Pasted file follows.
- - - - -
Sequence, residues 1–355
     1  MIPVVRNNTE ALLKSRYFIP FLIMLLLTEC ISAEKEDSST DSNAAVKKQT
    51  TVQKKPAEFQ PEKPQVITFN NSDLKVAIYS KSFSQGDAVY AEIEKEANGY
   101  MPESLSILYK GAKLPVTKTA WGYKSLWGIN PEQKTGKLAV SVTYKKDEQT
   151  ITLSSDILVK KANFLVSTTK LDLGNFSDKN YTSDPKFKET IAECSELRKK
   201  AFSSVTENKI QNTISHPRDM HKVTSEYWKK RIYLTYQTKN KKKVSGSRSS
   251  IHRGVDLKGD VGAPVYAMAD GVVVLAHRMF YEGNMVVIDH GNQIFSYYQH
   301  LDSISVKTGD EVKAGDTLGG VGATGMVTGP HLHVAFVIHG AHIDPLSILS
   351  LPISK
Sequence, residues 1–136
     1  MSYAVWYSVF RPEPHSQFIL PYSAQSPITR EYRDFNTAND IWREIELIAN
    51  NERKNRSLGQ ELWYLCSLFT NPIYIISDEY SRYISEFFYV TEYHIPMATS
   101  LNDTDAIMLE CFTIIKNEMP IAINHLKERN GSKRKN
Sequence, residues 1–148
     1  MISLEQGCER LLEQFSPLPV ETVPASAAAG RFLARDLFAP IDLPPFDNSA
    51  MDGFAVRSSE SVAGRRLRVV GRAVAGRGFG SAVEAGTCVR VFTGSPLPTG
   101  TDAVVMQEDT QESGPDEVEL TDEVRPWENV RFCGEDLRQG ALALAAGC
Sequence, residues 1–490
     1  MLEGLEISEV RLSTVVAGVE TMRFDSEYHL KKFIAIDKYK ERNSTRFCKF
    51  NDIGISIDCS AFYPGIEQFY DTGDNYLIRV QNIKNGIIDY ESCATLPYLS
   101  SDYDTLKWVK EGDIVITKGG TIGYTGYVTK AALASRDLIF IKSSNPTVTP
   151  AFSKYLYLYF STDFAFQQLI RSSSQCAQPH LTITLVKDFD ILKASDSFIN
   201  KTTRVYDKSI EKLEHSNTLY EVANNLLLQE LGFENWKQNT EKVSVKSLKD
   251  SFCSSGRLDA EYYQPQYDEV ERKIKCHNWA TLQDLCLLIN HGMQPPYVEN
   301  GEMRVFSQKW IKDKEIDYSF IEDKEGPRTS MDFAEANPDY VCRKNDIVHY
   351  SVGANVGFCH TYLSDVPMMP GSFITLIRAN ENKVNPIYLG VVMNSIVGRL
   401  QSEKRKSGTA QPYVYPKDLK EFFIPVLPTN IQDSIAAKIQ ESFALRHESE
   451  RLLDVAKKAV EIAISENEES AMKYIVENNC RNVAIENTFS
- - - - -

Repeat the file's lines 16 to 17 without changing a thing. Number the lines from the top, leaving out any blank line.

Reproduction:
    51  MDGFAVRSSE SVAGRRLRVV GRAVAGRGFG SAVEAGTCVR VFTGSPLPTG
   101  TDAVVMQEDT QESGPDEVEL TDEVRPWENV RFCGEDLRQG ALALAAGC